TODAY.AZ / Analytics

Rating of confidence towards Azerbaijan

16 March 2015 [17:38] - TODAY.AZ
By Ilaha Mammadli 

International rating agencies, amid global instability, continue to keep focus on the situation in not only developed countries, but also the emerging markets, including those in the CIS area.

A rating assessment, as is known, is a criterion that determines the reliability of both the country and the institutions operating within it. So, maybe the most important reliability indicator, and, so to say, the solidity indicator, is the country’s place in an international rating.

Rigging results in such ratings is unlikely possible, as they are drawn up by international rating agencies based on lots of factors.

Among the most reputable rating agencies in the world there are Moody’s, Fitch Ratings and Standard & Poor’s. They have been around for many years, they have huge experience, and their credibility is endless.

The data from these international rating agencies make it possible to understand what countries are the most profitable, stable and reliable to cooperate with, that is, which markets are profitable to invest or lend money.

These agencies assess not only the risks of countries, but also the risks of banks, corporations, and also, evaluate a possible economic effect from the issuance of bonds and other securities.

Earlier, the Fitch Ratings once again affirmed Azerbaijan’s investment rating at "BBB-" with stable outlook, thus demonstrating the economic stability potential and maintaining high confidence of international community.

Despite the negative impact of lowering oil prices on world markets on fiscal and foreign currency position of Azerbaijan, the measures undertaken by the government of the country help to reduce the possible risks for public funds and strategic currency reserves, which will make it possible to retain the position of Azerbaijan as a strong external creditor.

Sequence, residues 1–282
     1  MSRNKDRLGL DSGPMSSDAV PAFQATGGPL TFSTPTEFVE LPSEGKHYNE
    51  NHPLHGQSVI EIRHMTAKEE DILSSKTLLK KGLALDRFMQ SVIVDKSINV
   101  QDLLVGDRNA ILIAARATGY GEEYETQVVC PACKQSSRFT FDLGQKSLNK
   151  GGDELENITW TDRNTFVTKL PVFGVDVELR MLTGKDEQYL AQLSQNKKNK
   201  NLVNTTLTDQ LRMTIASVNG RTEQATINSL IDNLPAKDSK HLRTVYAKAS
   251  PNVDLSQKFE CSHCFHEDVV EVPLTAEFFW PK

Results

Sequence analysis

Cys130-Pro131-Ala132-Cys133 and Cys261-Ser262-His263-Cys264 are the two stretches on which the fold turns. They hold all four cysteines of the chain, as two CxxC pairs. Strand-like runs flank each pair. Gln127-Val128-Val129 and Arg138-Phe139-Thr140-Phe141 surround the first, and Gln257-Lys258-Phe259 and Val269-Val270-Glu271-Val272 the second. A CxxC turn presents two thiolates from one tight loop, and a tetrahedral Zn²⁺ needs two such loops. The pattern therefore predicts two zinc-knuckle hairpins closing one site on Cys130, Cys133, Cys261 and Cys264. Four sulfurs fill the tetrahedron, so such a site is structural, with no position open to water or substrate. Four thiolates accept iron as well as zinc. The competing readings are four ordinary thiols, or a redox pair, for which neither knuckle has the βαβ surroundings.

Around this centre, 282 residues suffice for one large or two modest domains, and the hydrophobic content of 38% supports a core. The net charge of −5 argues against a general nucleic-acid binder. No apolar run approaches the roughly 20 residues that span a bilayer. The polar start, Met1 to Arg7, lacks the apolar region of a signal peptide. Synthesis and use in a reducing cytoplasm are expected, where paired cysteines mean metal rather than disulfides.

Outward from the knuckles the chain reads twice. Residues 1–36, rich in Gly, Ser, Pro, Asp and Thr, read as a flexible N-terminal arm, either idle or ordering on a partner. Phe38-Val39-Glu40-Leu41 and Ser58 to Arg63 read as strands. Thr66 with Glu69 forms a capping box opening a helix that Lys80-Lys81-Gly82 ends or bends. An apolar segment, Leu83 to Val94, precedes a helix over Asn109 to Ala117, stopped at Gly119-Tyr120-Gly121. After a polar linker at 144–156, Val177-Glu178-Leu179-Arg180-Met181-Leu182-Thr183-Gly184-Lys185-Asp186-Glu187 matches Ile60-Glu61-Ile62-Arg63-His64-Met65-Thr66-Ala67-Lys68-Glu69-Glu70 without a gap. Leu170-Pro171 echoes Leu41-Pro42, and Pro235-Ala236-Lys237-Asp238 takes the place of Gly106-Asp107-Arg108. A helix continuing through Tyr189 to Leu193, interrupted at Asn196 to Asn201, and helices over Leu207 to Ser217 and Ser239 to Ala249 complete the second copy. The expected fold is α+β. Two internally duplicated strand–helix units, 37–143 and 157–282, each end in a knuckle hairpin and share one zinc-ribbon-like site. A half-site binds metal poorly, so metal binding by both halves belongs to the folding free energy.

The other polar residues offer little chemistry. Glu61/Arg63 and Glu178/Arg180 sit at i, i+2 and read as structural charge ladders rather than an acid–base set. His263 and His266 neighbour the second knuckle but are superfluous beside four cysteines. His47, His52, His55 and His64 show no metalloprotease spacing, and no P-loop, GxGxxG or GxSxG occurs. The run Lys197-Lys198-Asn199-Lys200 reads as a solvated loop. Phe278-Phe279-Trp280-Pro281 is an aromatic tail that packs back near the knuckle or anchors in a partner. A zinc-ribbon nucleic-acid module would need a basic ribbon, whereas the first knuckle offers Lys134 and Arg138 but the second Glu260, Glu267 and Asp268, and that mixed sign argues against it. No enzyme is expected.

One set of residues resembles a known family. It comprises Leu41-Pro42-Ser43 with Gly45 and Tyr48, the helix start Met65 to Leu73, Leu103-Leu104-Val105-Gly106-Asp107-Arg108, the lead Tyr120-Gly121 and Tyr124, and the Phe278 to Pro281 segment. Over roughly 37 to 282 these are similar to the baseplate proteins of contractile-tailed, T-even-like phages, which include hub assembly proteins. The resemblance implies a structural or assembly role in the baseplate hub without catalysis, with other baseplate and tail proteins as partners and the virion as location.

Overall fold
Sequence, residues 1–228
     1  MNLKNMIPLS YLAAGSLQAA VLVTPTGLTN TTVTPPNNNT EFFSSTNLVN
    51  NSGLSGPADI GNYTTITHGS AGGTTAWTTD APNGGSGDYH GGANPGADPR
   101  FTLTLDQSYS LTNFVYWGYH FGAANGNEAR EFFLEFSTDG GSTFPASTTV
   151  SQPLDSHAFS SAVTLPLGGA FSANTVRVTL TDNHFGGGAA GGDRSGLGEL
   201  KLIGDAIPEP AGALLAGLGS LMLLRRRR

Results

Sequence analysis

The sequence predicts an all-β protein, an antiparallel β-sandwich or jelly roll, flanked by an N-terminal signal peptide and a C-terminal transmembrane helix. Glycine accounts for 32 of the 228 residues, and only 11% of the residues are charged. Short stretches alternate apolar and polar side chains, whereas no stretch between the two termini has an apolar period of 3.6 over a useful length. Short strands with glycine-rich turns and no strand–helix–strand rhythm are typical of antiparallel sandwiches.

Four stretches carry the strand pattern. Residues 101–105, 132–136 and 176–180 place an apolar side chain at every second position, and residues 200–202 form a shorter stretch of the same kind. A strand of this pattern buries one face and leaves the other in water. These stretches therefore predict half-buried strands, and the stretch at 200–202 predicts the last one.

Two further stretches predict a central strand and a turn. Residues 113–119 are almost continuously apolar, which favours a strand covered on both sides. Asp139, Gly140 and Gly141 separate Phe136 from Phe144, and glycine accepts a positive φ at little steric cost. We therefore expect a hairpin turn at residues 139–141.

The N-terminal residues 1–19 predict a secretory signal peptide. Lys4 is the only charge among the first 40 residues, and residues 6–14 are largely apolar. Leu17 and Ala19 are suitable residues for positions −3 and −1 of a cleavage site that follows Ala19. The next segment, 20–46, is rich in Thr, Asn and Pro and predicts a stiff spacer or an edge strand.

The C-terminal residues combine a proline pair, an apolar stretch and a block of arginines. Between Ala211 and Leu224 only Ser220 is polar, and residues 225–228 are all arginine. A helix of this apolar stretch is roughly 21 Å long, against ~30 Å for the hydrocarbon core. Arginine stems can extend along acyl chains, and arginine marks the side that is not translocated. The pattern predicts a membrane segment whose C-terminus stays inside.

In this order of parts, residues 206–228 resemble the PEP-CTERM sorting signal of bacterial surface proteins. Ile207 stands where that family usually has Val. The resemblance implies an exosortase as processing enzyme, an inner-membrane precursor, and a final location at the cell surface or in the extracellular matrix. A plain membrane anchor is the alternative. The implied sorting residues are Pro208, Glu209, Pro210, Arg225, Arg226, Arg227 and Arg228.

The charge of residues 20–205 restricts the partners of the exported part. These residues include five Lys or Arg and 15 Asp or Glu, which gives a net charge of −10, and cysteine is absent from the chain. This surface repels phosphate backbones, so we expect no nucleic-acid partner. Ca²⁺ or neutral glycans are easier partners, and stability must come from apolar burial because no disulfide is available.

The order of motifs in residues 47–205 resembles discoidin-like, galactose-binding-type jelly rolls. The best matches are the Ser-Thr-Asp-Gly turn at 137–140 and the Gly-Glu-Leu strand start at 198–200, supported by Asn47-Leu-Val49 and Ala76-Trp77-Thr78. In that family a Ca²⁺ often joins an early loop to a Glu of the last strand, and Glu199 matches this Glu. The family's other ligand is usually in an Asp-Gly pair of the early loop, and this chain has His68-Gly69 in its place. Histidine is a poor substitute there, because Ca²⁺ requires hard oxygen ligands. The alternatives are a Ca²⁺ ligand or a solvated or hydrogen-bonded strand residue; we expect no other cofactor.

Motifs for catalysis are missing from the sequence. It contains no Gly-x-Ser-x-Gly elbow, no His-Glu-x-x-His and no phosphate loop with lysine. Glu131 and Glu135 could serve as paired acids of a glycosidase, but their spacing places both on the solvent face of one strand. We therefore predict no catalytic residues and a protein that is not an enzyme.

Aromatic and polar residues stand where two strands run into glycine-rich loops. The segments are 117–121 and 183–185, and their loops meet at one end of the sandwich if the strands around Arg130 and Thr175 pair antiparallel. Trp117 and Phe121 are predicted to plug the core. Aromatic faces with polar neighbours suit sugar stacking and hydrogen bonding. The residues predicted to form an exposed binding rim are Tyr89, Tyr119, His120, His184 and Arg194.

Simply put, Azerbaijan at the expense of its own efforts will be able to finance not only the needs of the domestic market, but also to continue to invest in projects’ implementation abroad. By the way, as Minister of Energy of Azerbaijan Natig Aliyev said in a brief video comment on the results of the EBRD-hosted Caspian Corridor Conference in London, Azerbaijan is able to self-finance all energy projects that should be implemented until 2020.

At the same time, he was talking about such a large-scale project as the Southern Gas Corridor, which provides for transportation of gas from the Caspian region through Georgia and Turkey to European countries.

In addition to that, today Azerbaijan can easily attract credit resources from various foreign financial institutions given the high ratings assigned to it by three internationally recognized rating agencies, the opinion of which influences large funds.

Some $750 million drawn by SOCAR (State Oil Company of Azerbaijan) from the international capital markets by placing its own bonds testify to this. The rate on them is slightly more than 6.95 percent as opposed to the previous two issues of bonds, but the fact that SOCAR could attract such a large amount for 15 years testifies to great confidence in the energy projects implemented by Azerbaijan.

This also allows determining the fair value level of loans for the company. SOCAR’s such activity in terms of instability in the world markets indicates that for the company it is not just prestige that is important, but also the value of money, which it draws.

Correct "rate"

Fitch has also supported the Azerbaijani government’s actions on the manat rate depreciation.

"The weak exchange rate will soften the blow on oil revenues in the manat equivalent, while the government will reduce the infrastructure costs from a very high level by holding back the implementation of non-essential future projects," Fitch analysts said.

"This combination must prevent the significant state budget deficit in 2014 with a surplus of 2.9 percent of GDP," according to Fitch.

Thus, the adjustment of the exchange rate of manat will allow to avoid the considerable reduction of assets of the State Oil Fund of Azerbaijan (SOFAZ). The transfers from SOFAZ account for over a half of the state budget revenues and strong dollar will allow it to save over $3 billion.

SOFAZ can save even more funds given the plans of the country’s government to revise the budget forecasts that are based on the oil price of $90 per barrel, while the average price has remained at $60 since early 2015.

This is while from 2016, the expected rise in oil prices and stabilization of oil production in Azerbaijan will allow to increase the country’s revenues and accordingly to speed up the economic growth. Fitch analysts presume that maintaining the domestic political stability and other factors will positively affect the improving of Azerbaijan’s rating in the future as well. It is very important for the country, since as the important element of the general program for maintaining relations with investors, rating allows to improve Azerbaijan’s general investment attractiveness.


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